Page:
I immediately went to the CIAC hoaxbusters website
VisiCalc was the first computer spreadsheet program. It was released to the public in 1979, running on an Apple II computer.
While a masters student in business administration at Harvard Business School , Dan Bricklin joined up with Bob Frankston to help him write the programming for his new electronic spreadsheet.
The two started their own company, Software Arts Inc., to develop their product.
Companies invested time and money in doing financial projections with manually calculated spreadsheets, where changing a single number meant recalculating every single cell in the sheet. With VisiCalc, you could change any cell, and the entire sheet would be automatically recalculated.
It was considered a fourth generation software program.
By the fall of 1979, an Apple II version of VisiCalc was ready, and the team started writing versions for the Tandy TRS-80, Commodore PET and the Atari 800.
By October, VisiCalc was a fast seller on the shelves of computer stores at US $100.
VisiCalc was soon sold to Lotus Development Corporation, where it developed into the Lotus 1-2-3 spreadsheet for the PC by 1983.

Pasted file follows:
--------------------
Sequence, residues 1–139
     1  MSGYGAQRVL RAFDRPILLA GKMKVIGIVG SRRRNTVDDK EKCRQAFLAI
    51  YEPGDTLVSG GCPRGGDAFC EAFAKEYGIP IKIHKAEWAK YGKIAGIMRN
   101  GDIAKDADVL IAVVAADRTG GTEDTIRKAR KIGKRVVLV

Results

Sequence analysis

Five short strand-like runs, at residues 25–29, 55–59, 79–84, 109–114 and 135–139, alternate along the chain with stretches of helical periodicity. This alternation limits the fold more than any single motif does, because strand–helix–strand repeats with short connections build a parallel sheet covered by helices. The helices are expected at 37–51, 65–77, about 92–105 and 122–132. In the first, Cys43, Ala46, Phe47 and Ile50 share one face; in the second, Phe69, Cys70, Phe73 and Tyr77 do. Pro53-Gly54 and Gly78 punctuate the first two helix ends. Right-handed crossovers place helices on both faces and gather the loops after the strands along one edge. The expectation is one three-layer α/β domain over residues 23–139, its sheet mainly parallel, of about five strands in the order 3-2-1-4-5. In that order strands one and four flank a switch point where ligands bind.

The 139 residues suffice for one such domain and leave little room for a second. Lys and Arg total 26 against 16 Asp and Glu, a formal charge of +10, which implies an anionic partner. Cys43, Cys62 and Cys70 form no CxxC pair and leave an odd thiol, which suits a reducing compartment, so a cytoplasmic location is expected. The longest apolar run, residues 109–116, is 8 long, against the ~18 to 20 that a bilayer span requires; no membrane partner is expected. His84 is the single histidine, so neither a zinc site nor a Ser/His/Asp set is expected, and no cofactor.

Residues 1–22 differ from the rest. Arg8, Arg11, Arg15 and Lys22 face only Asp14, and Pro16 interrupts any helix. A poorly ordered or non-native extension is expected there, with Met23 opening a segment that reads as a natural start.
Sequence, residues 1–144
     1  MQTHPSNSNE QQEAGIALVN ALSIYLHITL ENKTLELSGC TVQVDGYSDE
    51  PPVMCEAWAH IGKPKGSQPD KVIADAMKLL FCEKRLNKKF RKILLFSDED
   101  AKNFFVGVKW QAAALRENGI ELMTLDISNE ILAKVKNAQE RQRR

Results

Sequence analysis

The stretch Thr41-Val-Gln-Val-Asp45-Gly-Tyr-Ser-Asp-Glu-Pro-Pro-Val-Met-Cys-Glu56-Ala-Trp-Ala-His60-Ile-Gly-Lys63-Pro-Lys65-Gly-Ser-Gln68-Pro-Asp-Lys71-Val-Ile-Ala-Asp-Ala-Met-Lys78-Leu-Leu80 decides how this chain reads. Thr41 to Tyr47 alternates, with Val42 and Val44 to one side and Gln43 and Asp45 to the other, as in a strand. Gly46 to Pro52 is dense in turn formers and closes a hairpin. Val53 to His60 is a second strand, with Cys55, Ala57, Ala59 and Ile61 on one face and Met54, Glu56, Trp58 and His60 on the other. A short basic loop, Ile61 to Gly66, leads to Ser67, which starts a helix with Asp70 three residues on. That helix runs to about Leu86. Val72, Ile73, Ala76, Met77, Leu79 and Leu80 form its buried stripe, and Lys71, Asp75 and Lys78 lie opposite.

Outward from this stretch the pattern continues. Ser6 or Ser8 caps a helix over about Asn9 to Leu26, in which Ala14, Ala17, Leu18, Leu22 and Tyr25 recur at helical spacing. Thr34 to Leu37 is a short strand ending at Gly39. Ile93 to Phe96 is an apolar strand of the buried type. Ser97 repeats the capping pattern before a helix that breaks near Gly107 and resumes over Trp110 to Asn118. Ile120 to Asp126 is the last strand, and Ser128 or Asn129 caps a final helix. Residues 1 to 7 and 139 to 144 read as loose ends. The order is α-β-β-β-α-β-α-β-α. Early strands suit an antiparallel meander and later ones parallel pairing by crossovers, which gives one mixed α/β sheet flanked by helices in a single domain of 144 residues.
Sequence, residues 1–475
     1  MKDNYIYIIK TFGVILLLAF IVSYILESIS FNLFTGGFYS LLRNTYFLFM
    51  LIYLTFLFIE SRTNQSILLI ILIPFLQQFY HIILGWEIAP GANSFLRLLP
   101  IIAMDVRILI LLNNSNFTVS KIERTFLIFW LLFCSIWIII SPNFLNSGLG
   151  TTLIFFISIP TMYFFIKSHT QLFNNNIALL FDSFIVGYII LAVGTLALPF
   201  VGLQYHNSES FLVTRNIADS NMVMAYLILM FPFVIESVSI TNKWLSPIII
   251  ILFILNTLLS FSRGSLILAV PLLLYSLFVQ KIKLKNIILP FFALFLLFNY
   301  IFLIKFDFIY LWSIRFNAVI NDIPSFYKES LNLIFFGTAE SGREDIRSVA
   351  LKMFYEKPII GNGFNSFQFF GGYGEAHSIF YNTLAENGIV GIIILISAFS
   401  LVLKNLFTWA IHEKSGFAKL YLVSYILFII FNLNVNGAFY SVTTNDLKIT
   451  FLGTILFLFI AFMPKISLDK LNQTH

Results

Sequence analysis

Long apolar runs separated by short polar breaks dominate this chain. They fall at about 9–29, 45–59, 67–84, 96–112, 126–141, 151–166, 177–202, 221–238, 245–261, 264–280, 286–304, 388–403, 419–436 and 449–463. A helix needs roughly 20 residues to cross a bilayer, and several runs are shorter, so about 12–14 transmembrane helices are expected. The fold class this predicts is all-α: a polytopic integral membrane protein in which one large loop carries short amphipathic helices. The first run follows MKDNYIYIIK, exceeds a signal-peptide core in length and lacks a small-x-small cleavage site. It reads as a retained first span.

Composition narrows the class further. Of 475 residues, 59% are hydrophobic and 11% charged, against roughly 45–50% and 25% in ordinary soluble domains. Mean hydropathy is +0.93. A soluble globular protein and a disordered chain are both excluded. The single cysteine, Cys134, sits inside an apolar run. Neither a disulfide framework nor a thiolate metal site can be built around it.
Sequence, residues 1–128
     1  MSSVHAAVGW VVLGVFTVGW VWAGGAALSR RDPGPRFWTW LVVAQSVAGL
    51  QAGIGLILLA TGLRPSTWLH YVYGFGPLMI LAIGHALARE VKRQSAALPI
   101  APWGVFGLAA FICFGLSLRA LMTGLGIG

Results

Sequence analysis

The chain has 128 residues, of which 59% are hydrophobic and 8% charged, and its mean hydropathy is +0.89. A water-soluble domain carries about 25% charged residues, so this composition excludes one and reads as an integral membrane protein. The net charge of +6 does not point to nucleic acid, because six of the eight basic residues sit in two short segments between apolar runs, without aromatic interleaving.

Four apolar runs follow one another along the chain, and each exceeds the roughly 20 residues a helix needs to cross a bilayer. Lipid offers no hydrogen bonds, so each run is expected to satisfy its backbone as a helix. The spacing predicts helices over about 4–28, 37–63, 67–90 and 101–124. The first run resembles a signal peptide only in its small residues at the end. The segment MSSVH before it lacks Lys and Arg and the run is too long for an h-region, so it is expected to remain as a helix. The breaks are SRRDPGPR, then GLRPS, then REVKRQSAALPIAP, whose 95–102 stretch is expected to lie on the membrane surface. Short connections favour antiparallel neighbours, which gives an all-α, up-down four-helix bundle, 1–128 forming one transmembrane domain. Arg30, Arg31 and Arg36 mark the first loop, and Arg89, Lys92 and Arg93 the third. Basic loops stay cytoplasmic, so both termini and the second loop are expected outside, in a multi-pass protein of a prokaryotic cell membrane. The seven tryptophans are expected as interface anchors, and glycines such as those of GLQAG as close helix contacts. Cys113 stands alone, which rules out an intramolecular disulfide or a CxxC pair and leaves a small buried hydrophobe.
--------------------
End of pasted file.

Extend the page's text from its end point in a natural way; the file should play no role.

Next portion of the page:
In November of 1981, Bricklin received the Grace Murray Hopper Award from the Association for Computing Machinery in honor of his innovation.
Bricklin never received a patent for VisiCalc. It was not until after 1981 that software programs were made eligible for patents by the Supreme Court.
More than 6,000 attended the three-day conference which ended last Sunday.
Games, contests and seminars at DefCon are devoted to breaching computers, Internet websites, software programs and real-world locks.
While hackers at DefCon socialized warmly with federal agents, two of whom got married on stage during an awards ceremony Sunday, many said online privacy trumps public safety worries.
Air Force Draws Weekend Cyberwarriors From Microsoft, Cisco
Air National Guard’s 262nd Information Warfare Aggressor Squadron has over 100 soldiers on its roster during its cyberwarfare weekends.
The 262nd, based at McChord Air Force Base outside Tacoma , Washington and was commissioned to carry out simulated cyberattacks within the Air Force.
It draws weekend reservists from Microsoft, Cisco Systems, Adobe Systems and other tech companies, in a recruitment model that senior military leadership is touting as vital to the Air Force’s expanded mission to achieve "dominance in cyberspace."
The Air Force’s determination to develop an offensive cyberwarfare capability has been well-known since December 2005, when the service formally revised its mission statement to announce that airmen and airwomen would henceforth "fly and fight in air, space and cyberspace."
Some countries — notably China — have voiced concerns that Microsoft might pack backdoors in its closed-source operating systems and applications.
In an effort to curb distrust, in 2003 Microsoft signed a pact with China, Russia, the United Kingdom, NATO and other nations to let them see the Windows source code.